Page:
Not surprisingly, Weiss was crushed. She had helped her daughter with a serious medical issue, and she had thought she might be able to help other parents in similar situations. Instead, she was being called a monster.

I wouldn’t blame Weiss if she took Bea into hiding for the rest of her life as a result of this treatment. But it would be a shame if she did. Weiss learned so much during this process, and there is so much we can learn from her and Bea. Did the diet really enable Bea to overcome her food addiction, or did she develop some kind of amazing willpower that allowed her bypass all the desserts offered at camp? As someone who struggles with this issue every day, I want to know how she did it.

Weiss’ treatment illustrates the amazing hypocrisy there is toward the country’s obesity issues, at both the child and adult level. While child obesity levels have become alarming, Weiss’ story illustrates that the offered solutions won’t cut it. It’s not about activity levels or the content of school lunches. But pointing that out and restricting a child to an appropriate amount of calories – even a child who is obviously heavy and obviously consuming more food than she needs – is seen as harmful behavior. Yet when that child grows into an obese adult, he or she is shamed and blamed for making poor food choices. The obese, we have decided, did it to themselves.

Yet every day more and more research is published showing that humans have little control over their appetites. “Salt Sugar Fat” discusses food manufacturers’ deliberate formulas that make their products addictive. Studies of bacteria in the gut reveal that the obese carry different microbes than skinny people. Gastric bypass surgery, once seen as a last resort for the heaviest of the heavy, is shown to have an immediate, positive effect on controlling the appetite – and also plays a factor in the stomach bacteria.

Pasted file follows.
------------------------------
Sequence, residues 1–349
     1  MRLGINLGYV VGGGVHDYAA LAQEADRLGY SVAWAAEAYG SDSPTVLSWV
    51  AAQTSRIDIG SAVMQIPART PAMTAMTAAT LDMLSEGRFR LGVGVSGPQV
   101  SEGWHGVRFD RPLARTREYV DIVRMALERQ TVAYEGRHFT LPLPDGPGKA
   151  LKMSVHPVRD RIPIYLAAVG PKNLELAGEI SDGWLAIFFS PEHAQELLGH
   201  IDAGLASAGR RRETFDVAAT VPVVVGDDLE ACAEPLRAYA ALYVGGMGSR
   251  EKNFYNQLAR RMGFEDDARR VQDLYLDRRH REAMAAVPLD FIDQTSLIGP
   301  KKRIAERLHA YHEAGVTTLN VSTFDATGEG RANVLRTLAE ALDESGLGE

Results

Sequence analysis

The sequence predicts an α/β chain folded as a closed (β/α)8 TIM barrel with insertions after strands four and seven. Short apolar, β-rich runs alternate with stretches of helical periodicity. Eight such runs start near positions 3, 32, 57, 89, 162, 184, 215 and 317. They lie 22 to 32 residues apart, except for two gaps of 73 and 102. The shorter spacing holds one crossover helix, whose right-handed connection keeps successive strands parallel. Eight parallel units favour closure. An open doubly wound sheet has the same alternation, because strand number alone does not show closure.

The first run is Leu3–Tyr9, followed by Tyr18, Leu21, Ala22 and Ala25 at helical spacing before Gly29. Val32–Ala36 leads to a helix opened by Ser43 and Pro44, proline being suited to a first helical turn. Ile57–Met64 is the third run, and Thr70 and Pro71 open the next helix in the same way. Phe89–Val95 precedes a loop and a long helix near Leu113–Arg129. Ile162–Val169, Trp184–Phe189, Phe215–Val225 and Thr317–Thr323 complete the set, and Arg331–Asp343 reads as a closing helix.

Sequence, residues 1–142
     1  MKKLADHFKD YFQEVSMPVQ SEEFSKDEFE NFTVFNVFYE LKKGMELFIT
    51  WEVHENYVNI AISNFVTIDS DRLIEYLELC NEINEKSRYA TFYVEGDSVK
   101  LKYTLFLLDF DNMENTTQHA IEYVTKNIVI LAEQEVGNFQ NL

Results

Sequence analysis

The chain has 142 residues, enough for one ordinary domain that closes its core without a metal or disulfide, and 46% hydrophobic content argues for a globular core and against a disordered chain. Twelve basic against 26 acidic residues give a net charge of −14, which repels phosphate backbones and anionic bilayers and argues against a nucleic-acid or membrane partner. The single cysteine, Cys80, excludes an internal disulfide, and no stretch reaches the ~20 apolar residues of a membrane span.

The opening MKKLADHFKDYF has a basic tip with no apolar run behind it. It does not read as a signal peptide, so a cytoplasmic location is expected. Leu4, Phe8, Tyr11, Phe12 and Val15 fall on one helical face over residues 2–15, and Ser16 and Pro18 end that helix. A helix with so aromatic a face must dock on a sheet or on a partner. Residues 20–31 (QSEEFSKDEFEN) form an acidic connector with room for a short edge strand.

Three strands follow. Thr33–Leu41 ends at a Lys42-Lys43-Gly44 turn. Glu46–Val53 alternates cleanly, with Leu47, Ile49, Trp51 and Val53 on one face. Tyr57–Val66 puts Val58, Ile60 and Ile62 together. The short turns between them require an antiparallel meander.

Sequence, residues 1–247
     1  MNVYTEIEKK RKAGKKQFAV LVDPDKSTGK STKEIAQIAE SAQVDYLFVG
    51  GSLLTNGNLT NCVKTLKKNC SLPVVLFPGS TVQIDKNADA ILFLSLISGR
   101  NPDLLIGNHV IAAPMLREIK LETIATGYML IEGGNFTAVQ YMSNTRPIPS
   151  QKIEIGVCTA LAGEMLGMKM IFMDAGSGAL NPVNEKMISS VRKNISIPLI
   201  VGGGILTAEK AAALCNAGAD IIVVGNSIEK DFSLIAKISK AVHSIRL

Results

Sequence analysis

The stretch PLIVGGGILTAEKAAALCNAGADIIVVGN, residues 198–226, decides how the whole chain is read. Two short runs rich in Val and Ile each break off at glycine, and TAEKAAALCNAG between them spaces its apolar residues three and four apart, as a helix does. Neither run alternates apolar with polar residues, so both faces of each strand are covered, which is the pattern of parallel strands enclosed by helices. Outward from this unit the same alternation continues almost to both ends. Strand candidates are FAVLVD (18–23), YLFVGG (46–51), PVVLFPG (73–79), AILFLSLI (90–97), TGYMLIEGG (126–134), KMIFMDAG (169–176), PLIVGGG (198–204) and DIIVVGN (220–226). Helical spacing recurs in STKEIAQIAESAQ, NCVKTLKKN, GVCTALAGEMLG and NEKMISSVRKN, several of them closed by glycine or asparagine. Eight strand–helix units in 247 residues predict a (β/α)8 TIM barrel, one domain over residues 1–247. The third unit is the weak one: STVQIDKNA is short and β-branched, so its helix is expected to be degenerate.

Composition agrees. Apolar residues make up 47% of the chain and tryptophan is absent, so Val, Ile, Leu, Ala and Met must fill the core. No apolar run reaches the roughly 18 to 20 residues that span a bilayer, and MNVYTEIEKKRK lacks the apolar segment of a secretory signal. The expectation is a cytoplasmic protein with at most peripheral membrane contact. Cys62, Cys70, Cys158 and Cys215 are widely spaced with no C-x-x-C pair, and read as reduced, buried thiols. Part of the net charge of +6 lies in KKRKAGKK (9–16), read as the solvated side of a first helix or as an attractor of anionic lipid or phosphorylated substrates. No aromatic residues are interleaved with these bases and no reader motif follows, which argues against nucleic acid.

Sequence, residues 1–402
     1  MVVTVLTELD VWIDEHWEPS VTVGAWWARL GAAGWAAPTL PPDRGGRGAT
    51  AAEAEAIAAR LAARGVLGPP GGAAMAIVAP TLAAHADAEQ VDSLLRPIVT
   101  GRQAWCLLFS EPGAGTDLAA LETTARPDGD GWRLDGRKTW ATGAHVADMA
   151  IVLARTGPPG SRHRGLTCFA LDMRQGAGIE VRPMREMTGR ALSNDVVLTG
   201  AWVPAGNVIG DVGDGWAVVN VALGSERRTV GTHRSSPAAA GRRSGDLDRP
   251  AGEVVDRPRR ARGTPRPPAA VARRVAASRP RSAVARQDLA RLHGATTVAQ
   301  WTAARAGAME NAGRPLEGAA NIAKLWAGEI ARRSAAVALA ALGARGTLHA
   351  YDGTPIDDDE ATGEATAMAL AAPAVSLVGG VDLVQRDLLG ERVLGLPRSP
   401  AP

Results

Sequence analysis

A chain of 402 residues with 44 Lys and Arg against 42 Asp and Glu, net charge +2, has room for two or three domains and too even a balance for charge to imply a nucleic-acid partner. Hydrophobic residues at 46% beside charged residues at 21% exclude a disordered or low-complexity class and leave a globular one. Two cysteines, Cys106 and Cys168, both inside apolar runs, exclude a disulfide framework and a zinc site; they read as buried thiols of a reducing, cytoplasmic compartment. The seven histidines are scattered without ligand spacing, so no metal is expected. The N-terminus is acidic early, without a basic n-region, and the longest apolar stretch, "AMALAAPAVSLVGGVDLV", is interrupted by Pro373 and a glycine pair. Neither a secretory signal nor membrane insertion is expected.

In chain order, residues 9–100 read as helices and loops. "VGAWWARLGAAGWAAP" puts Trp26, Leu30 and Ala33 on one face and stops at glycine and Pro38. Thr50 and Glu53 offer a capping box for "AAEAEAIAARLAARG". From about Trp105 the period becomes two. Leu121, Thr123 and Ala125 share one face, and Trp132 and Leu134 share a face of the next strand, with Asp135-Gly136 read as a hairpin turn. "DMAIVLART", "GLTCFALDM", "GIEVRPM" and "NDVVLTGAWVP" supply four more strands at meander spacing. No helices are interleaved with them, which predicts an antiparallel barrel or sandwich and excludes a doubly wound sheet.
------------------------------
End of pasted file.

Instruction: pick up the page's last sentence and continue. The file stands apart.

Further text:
Yet solutions less drastic than surgery are still few and far between. Meanwhile, every day it seems there is another article about superskinny models or mannequins or Photoshopped pictures. When two-thirds of Americans are overweight, I am not sure that the superskinny models are part of the problem. I do not see a superskinny model and eat a gallon of ice cream in response. Yes, I’m sad that my abs will never look like hers. But I know that she’s been Photoshopped and probably has a drug problem in order to cope with the fact that she’s only allowed 100 calories a day.

America has an obesity problem. And it’s not caused by videogames or school lunches or kids not walking home from school. As a nation, adults and children alike have lost touch with their innate hunger and satiety sensors. We can no longer self-regulate our appetites and are forced to use external clues, such as calorie counts and measuring cups, to tell us when to stop eating. Dara-Lynn Weiss has an important story to tell about how a young child learned to regulate her overeating. It would be a real loss if judgmental, hypocritical voices stop her from sharing this journey.